LSU's defense comes back swinging

October, 17, 2013
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John Chavis knows what a championship defense looks like.

He’s coached a few in his two decades as a defensive coordinator in the SEC, both at LSU and Tennessee.

[+] EnlargeLamin Barrow, Mack Brown
Derick E. Hingle/USA TODAY SportsAfter a shaky stretch, Lamin Barrow and the LSU defense haven't given up a touchdown in six quarters.
He’d be the first to tell you that the defense LSU put on the field to start this season wasn’t championship caliber, which wasn’t all that surprising considering the amount of talent (six starters) the Tigers lost last season to the NFL draft.

Chavis knew back in the offseason that it was going to be a work in progress with this group, and that some choppy waters were ahead. But seeing his defense shredded the way it was for eight quarters starting with the second half of the Auburn game, extending through the entire Georgia fiasco and then the first half of the Mississippi State game, was nauseating.

“It was difficult, but I always say, ‘We’re going to live in our hopes, not our fears,” Chavis said.

Those hopes have been rekindled thanks to the promise the No. 6 Tigers have shown defensively in their last six quarters of play. And just like that -- with some youngsters growing up in the secondary, some depth developing up front and Chavis making a few tweaks with his combinations -- LSU heads to Ole Miss on Saturday riding the kind of defensive momentum that has been a staple of this program since Chavis took over the defensive reins in 2009.

“But we can’t think that we’ve arrived,” Chavis said.

He’s been around this league long enough to know that it can change in a flash.

He’s also been around long enough to know that playing rock-solid defense and winning championships go hand-in-hand.

Granted, this hasn’t been your typical year in the SEC with so many veteran quarterbacks playing at a high level and 10 of the 14 teams in the league averaging more than 30 points per game.

But somewhere along the way, it always gets down to making key stops at key moments.

The Tigers look a lot more equipped to do that on a consistent basis as they plunge into the second half of the season. They’re coming off their most complete defensive performance of the season in a 17-6 win over Florida and have now gone six straight quarters without allowing a touchdown.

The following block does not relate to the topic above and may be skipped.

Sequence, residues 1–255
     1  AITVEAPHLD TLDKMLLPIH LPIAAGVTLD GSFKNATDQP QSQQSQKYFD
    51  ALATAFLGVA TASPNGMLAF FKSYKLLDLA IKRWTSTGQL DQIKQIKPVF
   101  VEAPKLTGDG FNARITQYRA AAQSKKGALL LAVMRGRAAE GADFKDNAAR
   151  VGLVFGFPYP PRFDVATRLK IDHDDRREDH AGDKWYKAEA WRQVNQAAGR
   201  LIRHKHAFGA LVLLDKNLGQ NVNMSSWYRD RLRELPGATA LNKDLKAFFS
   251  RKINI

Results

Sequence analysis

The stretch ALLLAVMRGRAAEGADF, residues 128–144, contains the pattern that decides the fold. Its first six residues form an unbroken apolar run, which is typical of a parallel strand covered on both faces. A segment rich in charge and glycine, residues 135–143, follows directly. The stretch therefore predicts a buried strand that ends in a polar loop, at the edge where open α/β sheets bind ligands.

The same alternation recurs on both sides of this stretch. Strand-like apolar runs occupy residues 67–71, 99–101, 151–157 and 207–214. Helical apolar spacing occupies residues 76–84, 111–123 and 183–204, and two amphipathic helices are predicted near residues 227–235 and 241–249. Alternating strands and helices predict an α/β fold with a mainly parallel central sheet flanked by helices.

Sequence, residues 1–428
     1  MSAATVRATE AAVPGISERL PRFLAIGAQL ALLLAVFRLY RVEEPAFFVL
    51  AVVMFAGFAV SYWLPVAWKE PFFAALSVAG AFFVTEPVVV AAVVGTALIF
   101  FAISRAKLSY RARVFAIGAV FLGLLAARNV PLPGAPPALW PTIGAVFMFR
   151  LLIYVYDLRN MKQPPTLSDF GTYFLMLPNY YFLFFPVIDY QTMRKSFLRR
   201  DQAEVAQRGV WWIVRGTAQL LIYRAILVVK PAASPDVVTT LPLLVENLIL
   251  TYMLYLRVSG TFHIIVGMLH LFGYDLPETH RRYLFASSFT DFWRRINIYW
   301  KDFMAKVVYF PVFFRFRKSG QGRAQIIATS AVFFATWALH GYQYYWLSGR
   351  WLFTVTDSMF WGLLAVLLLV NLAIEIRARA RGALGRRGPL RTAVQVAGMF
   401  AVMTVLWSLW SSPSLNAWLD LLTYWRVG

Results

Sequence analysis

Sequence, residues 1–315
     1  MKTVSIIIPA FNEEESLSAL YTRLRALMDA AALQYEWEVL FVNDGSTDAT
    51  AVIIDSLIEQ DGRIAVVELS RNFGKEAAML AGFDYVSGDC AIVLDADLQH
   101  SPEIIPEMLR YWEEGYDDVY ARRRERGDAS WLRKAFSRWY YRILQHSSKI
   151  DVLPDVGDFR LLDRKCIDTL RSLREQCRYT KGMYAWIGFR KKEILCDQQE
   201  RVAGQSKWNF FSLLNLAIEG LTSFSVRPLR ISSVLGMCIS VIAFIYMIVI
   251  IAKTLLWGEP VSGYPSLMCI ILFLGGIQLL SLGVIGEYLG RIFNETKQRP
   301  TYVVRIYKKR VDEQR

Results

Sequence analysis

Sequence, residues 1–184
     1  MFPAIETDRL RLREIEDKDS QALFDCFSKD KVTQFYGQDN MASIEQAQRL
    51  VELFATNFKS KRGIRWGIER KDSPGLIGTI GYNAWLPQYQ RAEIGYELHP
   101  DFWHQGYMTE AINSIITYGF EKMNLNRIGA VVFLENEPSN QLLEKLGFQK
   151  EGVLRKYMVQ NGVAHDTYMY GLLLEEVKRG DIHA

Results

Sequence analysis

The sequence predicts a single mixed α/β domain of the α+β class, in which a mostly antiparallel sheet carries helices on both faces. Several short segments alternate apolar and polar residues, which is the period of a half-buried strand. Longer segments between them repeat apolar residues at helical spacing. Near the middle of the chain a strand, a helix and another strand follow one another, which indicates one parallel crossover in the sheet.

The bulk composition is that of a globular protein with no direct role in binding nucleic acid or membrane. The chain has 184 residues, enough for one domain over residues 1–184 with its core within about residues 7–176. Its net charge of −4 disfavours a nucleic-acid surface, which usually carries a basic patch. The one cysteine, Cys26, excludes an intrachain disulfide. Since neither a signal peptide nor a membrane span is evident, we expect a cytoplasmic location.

“I feel like the intensity level now is something that it hasn’t been all season, and all 11 guys are on the same page,” junior defensive tackle Ego Ferguson said. “When we’re there, it’s a special unit.”

The 44-41 loss to Georgia was undoubtedly the low point. The Bulldogs had receivers running free all game, and the Tigers just looked out of sorts defensively. They then went out the next week and gave up 23 points in the first half to Mississippi State.

“We just weren’t playing to our potential,” Ferguson said.

They also weren’t playing as many players, particularly up front. So Chavis made it a point to beef up the rotation in the defensive line, and also made some changes in the secondary.

Sophomore Jalen Mills has moved to the nickel position, which has given the Tigers more flexibility on passing downs. True freshmen Tre'Davious White and Rashard Robinson are now the two cornerbacks outside when Mills moves inside to the nickel, and sophomore Corey Thompson has started at safety the last two games.

Chavis said following the win over Florida that it was the best the Tigers had played at safety all season, and getting back a healthy Craig Loston was also a big part of that.

Robinson probably would have played even more earlier in the season had he not missed preseason camp while waiting to be cleared academically. He has the skill set to be the next great LSU cornerback.

And LSU coach Les Miles really likes what he sees athletically from this defense.

“I think our defense has always been a confident unit,” Miles said. “They just needed to get some things in place. This will be a team that athletically will eventually be one of the more talented defenses that we’ve had.”

Chavis, whose raw emotion is one of the things that endears him to his players, didn’t hold back last week when challenging them to get back to playing LSU football.